As mentioned before, one of the major reasons why B-Schools are apprehensive about taking on older candidates is a belief that older candidates might be too ‘set in their ways’.

    While the ball is still in your court, establish that you are willing to learn.

    The best way to do this is to mention the activities, courses, or projects you have undertaken recently and talk about why you took them. Exhibit your tendency to invest in yourself, to grow as a person and be open to learning new things.

    An MBA is, in many ways, the ultimate investment you can make in yourself.

    Show the AdCom that you have a high ‘LQ’ or ‘learning quotient’. Display a history of investing in yourself and actively seeking learning opportunities. It will go a long way in building the AdCom’s confidence in you.
     

  • Employability
  •  
    Another major fear B-Schools have about older candidates is that they will be difficult to place. You can assuage this fear at the very outset through your application.

    We have already advised you to elaborate on your work experience. Such elaboration comes in handy here, too.

    What you can do is this:

    Establish clearly that you will not be entirely dependent on the B-School’s Placement Committee to get good opportunities after your MBA. What you need to show is that your extra years of experience have given you the skills and network to make it on your own.

    Whether you end up taking the Placement Committee’s help later or not is immaterial. The point here is to show AdComs that you have absolute faith in yourself and that you are a self-starter.

    Our recommendation is, don’t outright claim that you will not seek help, but do indicate strongly that you can do it on your own.

    Doing this will take care of the AdComs’ fear that you may become a liability that the school will have to nurse later.
     

  • Why NOW?
  •  
    One of the most interesting questions to try and answer is, “Why do you want to do your MBA right now?”

    Now, your actual reason may be that you’ve hit an air pocket in your career and you’re finding it tough to get out and move on. But you cannot say this without sounding like you’re externalizing your problems.

    No B-School appreciates candidates who sound needy.

    If you say you’ve hit a plateau in your professional growth and are looking to get an MBA that will spark growth once again, you can forget about getting into a decent program.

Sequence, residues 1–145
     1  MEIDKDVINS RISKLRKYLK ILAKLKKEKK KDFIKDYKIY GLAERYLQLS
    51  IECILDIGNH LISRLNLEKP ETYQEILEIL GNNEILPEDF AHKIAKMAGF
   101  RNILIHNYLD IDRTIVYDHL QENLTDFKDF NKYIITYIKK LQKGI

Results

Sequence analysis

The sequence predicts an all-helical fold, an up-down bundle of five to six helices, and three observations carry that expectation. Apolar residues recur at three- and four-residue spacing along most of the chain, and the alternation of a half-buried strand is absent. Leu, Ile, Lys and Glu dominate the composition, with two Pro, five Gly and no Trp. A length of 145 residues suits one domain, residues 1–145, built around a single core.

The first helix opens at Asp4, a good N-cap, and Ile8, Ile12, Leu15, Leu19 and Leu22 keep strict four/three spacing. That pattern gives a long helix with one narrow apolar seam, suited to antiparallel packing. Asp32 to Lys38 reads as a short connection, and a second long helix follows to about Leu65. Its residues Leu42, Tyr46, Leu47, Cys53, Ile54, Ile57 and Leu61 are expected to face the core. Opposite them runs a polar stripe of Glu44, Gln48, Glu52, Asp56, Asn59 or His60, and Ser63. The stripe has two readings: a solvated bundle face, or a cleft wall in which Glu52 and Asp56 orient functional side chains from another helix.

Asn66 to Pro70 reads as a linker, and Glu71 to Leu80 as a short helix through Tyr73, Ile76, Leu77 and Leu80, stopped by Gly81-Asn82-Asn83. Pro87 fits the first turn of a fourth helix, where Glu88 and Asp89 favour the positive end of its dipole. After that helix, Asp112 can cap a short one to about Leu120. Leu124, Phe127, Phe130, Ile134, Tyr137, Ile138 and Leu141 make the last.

Instead, B-Schools look for candidates who show signs that they are going to excel with or without their MBA. They are interested in candidates who are already making things happen; candidates who will use the MBA only to accelerate their existing growth plan.

    One of the terms often used by older candidates to address this question is ‘retooling’.

    It means re-equipping oneself with knowledge, skills, and acumen that is relevant and important for growth in the desired direction.

    So, what you can say is that you’re retooling to try and change the path your career is on. Say that you’re looking for an MBA program to help you do that more efficiently and in a structured manner.

    Link what you’ve done so far to what you want to do in the future.

    Basically, establish that you’re looking to grow your existing skills and build on new ones to help you develop a more globally-oriented skillset.

    Make it clear that you’re not expecting the MBA to wave some magic wand and infuse life into your dying career. Instead, reinforce that you’re on your way to success and are looking for a program to speed up the process.
     

  • Class Contribution
  •  
    Every B-School is quite concerned with what each candidate brings to the table. We’ve talked earlier in this post about how diversity is a big deal for B-Schools as it enhances the overall learning experience.

    You can exploit the desire that B-Schools have to bring more diverse and rich experiences to the classroom.

    Of course, you have to be careful not to overdo it, but you must talk modestly about how you think your years of work experience will contribute to the entire class’s takeaways.

    Mention the biggest lessons you’ve learned, the skills you’ve picked up, or your greatest achievements. Talk about what you think the younger candidates can learn from them.

    This is a great opportunity to paint your weakness – i.e. your age – as your strength.

    Portray that you’ve got a lot to offer the B-School and that they can also benefit from having you in their class.
     

  • Your X-Factor
  •  
    Hold your horses – we’re not talking about the reality TV show! :p

    At the end of the day, remember that your direct competition is not the 27-year-old applicants; instead, it is the other applicants who are your age. Take into account that anyone who has been in the field and working for around 10 years will most probably have the same kind of experiences and insights to a certain extent.

    This would make your profile look just like theirs and it may slip through the gaps.

    To avoid falling through the cracks, talk about something that makes you unique.

    Mention something about your personality, background, or just about anything you can think of, and talk about how that affects the perspective you can provide.